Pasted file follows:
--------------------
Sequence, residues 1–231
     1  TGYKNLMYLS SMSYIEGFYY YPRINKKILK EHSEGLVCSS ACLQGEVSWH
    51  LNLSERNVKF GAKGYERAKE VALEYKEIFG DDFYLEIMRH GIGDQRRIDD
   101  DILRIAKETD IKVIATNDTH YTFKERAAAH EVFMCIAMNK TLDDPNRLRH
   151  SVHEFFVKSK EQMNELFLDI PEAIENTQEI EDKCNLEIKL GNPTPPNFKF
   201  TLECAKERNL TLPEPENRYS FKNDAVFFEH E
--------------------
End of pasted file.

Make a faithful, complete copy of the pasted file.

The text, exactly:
Sequence, residues 1–231
     1  TGYKNLMYLS SMSYIEGFYY YPRINKKILK EHSEGLVCSS ACLQGEVSWH
    51  LNLSERNVKF GAKGYERAKE VALEYKEIFG DDFYLEIMRH GIGDQRRIDD
   101  DILRIAKETD IKVIATNDTH YTFKERAAAH EVFMCIAMNK TLDDPNRLRH
   151  SVHEFFVKSK EQMNELFLDI PEAIENTQEI EDKCNLEIKL GNPTPPNFKF
   201  TLECAKERNL TLPEPENRYS FKNDAVFFEH E